I have a set of scattered 3D points with coordinate (x,y,z) and an intensity associated with it.

I would like to do a smooth surface with the intensity being represented by the colour.

My points look like this

ListPointPlot3D[cup[[All, 1 ;; 3]]]

enter image description here

I can get the colour correctly by using (I found that on the net somewhere, cannot found it back ... sorry for not acknowledging the guy)

nf = Nearest[cup[[All, {1, 2, 3}]] -> Rescale[cup[[All, 4]]]]
colfun = ColorData["Rainbow"]@First@nf[{#1, #2, #3}] &

ListSurfacePlot3D[cup[[All, {1, 2, 3}]], MaxPlotPoints -> 30, 
 BoxRatios -> Automatic, ColorFunction -> colfun, 
 ColorFunctionScaling -> False, Mesh -> 5]

I tried playing around with the MaxPlotPoints but none give me satisfying results. The main issue is the fact that the top curve is not smooth although the data point are.

enter image description here

Finally I tried with ListPlot3D

ListPlot3D[cup[[All, {1, 2, 3}]], InterpolationOrder -> 15]

The problem there is that it incorrectly interpolate the extremum points, making a rectangle on the top whereas it should be curved.

enter image description here

Any idea how to proceed?


I also tried the idea of concave hull following this post Finding a Concave Hull

However this does not work either and give me

enter image description here

The data cup can be imported via cup = << "http://pastebin.com/raw/DRSCc4ir";

The full data (1.4Mb) can be imported via https://gist.githubusercontent.com/anonymous/327fed478fcf166c4403/raw/9f116770cf995f2232660061c202db7602b1836a/data.txt

Applying the solution provided by JasonB below I could merge my data to give:

enter image description here

  • 1
    $\begingroup$ Where's cup? ${}$ $\endgroup$ Commented Mar 13, 2016 at 21:08
  • $\begingroup$ I've upload the raw data on speedyshare.com/sU5RR/cup.txt $\endgroup$
    – sponce
    Commented Mar 13, 2016 at 21:15
  • 1
    $\begingroup$ For the interpolation, it's using the convex hull of the projection of your data onto the xy plane for the domain. What you want is something like what someone called the "concave hull" on this site (for a 3D volume). I don't know the answers there would help, but you could search and see. $\endgroup$
    – Michael E2
    Commented Mar 13, 2016 at 23:26
  • 1
    $\begingroup$ This is very hackish, but I wonder if you could simply "drop the ragged edges" from your data. For instance, you could generate a "cleaned" data set using cleanedcup = DeleteCases[cup, {x_, y_, z_, d_} /; z > 0.83];, and then using this cleanedcup wherever you originally had cup. For instance, the ListSurfacePlot3D approach would produce this image. $\endgroup$
    – MarcoB
    Commented Mar 14, 2016 at 1:11
  • 1
    $\begingroup$ @sponce - I changed the upload location. Even though most every internet user knows not to click the "Download EXE" or "Fast Download" buttons, in this case it's easy to avoid that sketchiness. You can use pastebin for data that isn't too large, gist.github.com works for even larger files also. The added benefit is you can import the data straight into the notebook without even visiting the site. $\endgroup$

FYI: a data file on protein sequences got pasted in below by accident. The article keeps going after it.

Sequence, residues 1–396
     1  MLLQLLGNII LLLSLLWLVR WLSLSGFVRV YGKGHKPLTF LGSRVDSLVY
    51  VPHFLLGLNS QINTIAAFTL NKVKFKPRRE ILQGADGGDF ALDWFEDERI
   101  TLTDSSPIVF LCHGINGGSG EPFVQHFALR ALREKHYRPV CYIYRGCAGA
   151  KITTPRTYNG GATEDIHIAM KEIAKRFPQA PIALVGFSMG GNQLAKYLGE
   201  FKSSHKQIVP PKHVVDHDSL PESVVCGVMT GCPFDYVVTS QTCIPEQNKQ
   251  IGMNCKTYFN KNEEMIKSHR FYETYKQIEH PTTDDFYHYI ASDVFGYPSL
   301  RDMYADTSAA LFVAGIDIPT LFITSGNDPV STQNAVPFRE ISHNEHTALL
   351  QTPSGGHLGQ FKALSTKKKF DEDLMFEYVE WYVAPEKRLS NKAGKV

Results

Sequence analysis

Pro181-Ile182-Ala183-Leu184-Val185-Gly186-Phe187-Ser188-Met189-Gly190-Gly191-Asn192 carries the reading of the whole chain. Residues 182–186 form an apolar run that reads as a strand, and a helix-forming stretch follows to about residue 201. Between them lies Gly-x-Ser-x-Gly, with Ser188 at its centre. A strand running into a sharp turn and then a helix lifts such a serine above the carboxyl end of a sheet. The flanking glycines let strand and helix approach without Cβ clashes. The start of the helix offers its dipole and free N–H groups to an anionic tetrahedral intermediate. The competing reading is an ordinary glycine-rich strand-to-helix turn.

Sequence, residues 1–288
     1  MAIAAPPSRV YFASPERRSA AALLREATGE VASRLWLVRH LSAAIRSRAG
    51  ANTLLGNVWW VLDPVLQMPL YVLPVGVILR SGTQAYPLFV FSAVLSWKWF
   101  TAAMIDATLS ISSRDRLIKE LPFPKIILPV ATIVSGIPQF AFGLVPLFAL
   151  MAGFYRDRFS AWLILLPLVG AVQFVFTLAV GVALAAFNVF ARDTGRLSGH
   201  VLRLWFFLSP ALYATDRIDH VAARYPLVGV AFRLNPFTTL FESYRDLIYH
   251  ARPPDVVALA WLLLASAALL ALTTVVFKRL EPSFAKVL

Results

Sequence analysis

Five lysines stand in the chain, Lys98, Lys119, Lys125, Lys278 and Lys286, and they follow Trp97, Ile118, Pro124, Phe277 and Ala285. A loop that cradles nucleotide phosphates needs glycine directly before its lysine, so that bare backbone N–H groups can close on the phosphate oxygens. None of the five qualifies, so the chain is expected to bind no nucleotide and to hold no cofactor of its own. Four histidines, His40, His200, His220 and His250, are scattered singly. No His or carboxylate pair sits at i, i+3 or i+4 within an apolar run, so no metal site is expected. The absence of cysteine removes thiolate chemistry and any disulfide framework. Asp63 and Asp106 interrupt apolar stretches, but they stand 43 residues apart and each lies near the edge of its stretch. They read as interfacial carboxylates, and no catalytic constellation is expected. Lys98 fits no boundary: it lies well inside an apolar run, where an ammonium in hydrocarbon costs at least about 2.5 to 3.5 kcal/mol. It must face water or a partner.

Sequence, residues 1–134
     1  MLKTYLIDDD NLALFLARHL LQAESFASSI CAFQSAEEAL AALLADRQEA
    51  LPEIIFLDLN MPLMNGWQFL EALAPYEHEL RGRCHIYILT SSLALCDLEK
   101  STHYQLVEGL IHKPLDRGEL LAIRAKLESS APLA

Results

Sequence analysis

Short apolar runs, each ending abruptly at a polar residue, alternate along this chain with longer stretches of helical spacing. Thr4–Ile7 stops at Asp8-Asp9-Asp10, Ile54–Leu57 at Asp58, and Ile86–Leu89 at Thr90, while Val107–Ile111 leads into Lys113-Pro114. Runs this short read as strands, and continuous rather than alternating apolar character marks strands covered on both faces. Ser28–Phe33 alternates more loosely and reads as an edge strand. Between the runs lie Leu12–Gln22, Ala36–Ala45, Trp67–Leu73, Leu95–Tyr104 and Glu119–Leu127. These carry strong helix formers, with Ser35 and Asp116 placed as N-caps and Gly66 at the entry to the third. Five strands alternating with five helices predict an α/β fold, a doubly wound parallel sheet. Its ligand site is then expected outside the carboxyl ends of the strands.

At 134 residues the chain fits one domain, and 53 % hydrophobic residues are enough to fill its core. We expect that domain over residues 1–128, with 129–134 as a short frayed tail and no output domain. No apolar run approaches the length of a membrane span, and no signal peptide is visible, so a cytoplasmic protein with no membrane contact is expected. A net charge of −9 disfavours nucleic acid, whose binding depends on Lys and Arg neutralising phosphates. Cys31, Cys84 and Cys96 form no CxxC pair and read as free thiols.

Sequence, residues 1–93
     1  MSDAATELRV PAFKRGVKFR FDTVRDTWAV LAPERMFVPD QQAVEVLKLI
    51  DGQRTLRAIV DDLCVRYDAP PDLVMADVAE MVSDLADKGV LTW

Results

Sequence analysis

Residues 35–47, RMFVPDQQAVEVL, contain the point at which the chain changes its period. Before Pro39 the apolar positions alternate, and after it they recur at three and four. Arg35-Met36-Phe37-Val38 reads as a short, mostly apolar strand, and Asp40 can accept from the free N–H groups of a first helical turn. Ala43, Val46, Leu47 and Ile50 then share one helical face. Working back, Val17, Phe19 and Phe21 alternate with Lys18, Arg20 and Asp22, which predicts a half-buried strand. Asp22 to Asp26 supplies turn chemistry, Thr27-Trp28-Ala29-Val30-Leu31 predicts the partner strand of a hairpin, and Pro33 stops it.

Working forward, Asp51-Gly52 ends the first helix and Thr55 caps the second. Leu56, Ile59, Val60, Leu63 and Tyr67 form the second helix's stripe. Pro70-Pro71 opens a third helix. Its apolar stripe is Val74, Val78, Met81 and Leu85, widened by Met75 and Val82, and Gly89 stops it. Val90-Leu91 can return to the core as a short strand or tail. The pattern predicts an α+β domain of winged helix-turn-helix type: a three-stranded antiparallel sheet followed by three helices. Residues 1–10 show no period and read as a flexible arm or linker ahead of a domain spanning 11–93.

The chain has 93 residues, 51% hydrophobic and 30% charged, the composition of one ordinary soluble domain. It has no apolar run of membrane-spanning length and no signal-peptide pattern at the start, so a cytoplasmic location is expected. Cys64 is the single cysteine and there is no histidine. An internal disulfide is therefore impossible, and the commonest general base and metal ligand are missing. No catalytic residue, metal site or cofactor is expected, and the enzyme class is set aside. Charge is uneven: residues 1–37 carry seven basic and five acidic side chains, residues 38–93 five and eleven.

– Jason B.
    Commented Mar 14, 2016 at 8:55

1 Answer 1


The issue is that ListPlot3D interpolates in places where there is no density of points.

Show[Through[{ListPointPlot3D[#, PlotStyle -> PointSize[Large], 
      BoxRatios -> Automatic] &, ListPlot3D}[Most /@ cup]]]

enter image description here

It would be best if we could find a way to, as MichaelE2 pointed out, create a concave hull mesh from these points,

ListPlot[DeleteDuplicates@cup[[All, ;; 2]], AspectRatio -> Automatic]

enter image description here

and then restrict the plotting region to within those {x, y} points via RegionFunction. I can't find a simple way to generate the concave hull

Generating the concave hull is fairly simple using RunnyKine's function here.

cup = << "http://pastebin.com/raw/DRSCc4ir";

reg = alphaShapes2D[DeleteDuplicates@cup[[All, ;; 2]], .33]

enter image description here

and then the requested plot is made via,

nf = Nearest[cup[[All, {1, 2, 3}]] -> Rescale[cup[[All, 4]]]];
colfun = ColorData["Rainbow"]@First@nf[{#1, #2, #3}] &;
ListPlot3D[cup[[All, 1 ;; 3]],
  RegionFunction -> Function[{x, y, z}, RegionMember[reg, {x, y}]],
  ColorFunction -> colfun,
  ColorFunctionScaling -> False,
  MaxPlotPoints -> 100,
  BoxRatios -> Automatic,
  Mesh -> 5]

enter image description here

  • $\begingroup$ Thank you very much Jason ! It is indeed quite complicated. If you can come up with something simpler I would be happy. Indeed, I need to apply this to different shapes and I'm not sure this procedure would work in every cases. Anyhow, it works very well. Thanks again ! $\endgroup$
    – sponce
    Commented Mar 14, 2016 at 14:41
  • 1
    $\begingroup$ @sponce - I've just edited it to be more straightforward. It should be applicable to different shapes, as long as you can define a region to plot into. If you can't get this method to work for another data set, post it and we might be able to help. $\endgroup$
    – Jason B.
    Commented Mar 14, 2016 at 14:53
  • $\begingroup$ +1. I completely forgot I posted a 2D version of that alphaShapes code. Nice solution. $\endgroup$
    – RunnyKine
    Commented Mar 14, 2016 at 18:56
  • 1
    $\begingroup$ @RunnyKine Thank you. You don't happen to have access to the original data from that post do you? I know the implementation I used isn't the conventional one and I wanted to see if it would remove the unwanted triangles in your final mesh in that post. Your code is about 100 times faster than mine, which is why I used it here and in another post about contour plots. $\endgroup$
    – Jason B.
    Commented Mar 14, 2016 at 19:08
  • 1
    $\begingroup$ @sponce, can you upload the rest of the data so I can give it a shot? $\endgroup$
    – Jason B.
    Commented Mar 15, 2016 at 11:03

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